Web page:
Ford F-150 Lightning, PowerBoost Hybrid Trucks Can Charge Other Electric Vehicles
The future is here! The highly-anticipated Ford F-150 Lightning electric truck and the Ford F-150 PowerBoost Hybrid can now help charge other electric vehicles. How is this possible, and what kind of charge will this offer?
The Ford F-150 Lightning truck and PowerBoost Hybrid truck are getting an electrifying upgrade
According to an announcement from Ford today, the F-150 Lightning keeps getting better. One of the major issues people have with electric cars is that the battery can die. Getting to a charging station can be a pain, especially in more remote areas. But it happens, and the world has to adapt to the situation. When electric vehicles first came around, AAA used to have mobile charging units on trucks that could rescue drivers. This was a project that the company tested but eventually scrapped.
However, Ford says that will soon be a distant memory. Ford says the F-150 Lightning electric truck and the F-150 PowerBoost Hybrid will be able to “share range” with other electric vehicles. During a power outage or similar situation, the trucks can charge an electric vehicle through the available Pro Power Onboard generator.
Ford anticipates the Lightning and PowerBoost Hybrid will add around 20 miles of charge for about an hour of charging. In the press release, Ford specifically cites the Mustang Mach-E. “This is estimated to add an average range of 20 miles per charging hour to a Mustang Mach-E SUV with extended range battery and rear-wheel drive, or 13 miles of charge per hour on an F-150 Lightning.”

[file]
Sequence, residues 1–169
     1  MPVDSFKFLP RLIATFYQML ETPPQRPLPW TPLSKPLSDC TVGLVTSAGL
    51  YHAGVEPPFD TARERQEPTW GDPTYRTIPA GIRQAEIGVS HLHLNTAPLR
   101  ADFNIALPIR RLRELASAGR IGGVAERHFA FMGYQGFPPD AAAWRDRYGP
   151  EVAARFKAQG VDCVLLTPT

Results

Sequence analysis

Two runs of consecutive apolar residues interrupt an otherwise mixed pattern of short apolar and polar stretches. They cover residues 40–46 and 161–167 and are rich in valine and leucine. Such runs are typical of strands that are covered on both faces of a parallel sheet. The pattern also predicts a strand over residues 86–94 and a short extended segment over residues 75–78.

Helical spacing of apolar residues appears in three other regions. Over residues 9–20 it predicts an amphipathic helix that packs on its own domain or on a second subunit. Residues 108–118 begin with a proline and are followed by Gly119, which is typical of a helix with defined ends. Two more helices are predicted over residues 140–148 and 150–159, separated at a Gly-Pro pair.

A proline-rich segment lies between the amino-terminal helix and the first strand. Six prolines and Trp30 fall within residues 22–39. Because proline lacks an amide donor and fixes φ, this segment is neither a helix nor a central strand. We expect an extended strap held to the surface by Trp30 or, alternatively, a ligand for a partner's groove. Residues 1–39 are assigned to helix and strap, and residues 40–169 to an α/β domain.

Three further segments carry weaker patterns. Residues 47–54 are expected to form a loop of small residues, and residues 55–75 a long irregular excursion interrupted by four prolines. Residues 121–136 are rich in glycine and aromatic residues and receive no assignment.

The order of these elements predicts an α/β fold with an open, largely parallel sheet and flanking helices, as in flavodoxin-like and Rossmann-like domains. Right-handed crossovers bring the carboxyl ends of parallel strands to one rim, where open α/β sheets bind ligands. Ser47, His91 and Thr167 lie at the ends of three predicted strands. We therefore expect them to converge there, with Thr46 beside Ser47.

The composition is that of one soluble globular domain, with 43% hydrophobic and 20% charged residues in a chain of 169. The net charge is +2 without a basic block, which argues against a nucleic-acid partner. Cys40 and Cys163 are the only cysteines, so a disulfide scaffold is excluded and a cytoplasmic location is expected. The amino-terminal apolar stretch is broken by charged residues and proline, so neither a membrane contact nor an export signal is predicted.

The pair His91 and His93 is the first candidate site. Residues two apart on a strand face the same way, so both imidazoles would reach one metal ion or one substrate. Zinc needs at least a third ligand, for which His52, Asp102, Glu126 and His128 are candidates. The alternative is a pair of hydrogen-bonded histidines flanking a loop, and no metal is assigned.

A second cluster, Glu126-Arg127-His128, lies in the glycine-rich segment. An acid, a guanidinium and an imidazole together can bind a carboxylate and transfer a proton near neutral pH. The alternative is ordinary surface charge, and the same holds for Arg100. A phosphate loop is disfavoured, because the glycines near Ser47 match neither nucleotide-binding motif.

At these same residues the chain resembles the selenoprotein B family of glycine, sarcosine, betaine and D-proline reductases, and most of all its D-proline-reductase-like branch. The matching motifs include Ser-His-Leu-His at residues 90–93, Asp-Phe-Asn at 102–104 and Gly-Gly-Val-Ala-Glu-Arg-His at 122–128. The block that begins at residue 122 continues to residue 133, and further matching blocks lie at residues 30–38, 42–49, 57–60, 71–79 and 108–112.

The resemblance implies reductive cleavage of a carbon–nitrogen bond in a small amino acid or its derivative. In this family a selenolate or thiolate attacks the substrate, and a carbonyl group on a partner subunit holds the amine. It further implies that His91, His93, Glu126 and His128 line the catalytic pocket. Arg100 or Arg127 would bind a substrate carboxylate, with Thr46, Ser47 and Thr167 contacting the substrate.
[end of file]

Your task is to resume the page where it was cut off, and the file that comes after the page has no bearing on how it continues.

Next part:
Pro Power Onboard for the 2022 F-150 Lightning and F-150 PowerBoost Hybrid
This is a pretty big deal for future truck owners. The Pro Power Onboard is available on the 2022 F-150 Lightning, and the F-150 PowerBoost Hybrid has another use now. This option was touted as a benefit for those who want to camp or power a tool through the generator, but charging a vehicle is a game-changer. The 240-volt outlet can offer Level 2 charging on a car. Ford estimated 20 miles of charging for something like a Mach-E but says it has the potential to add 13 miles of charge an hour on the Lightning. For something like the Ford E-Transit low-roof cargo van, the estimate is 10 miles of charging per hour.
The press release says drivers will need something like the Ford Mobile Power Cord, which comes with the electric vehicle. This uses the SAE J1772 charge port, which many other non-Ford vehicles also use. That means this won’t be a brand-specific benefit, and other electric vehicles will be able to take advantage of it. Ford will offer the Pro Power Onboard generator in 7.2 kilowatts or 9.6 kilowatts down the line.
This is a big deal for electric vehicles
Ford says that these new electric vehicles are opening new doors for customers. In addition to charging a car, Ford says buyers can use F-150 Lightning with the Ford Intelligent Backup Power. That means that instead of a regular home generator or backup system, the Lightning can be used to “power a typical-size home up to three days in the event of a power outage.”
Of course, there are a few stipulations to power your home for three days. “When the home is properly equipped and home transfer switch disconnects home from the grid. Based on 30 kWh used per day using the F-150 Lightning with the extended-range battery. Your results may vary depending on energy usage.” However, that’s still a pretty cool selling point.
Keep an eye out for more information about the 2022 F-150 Lightning and F-150 PowerBoost Hybrid as the trucks start delivering around the country.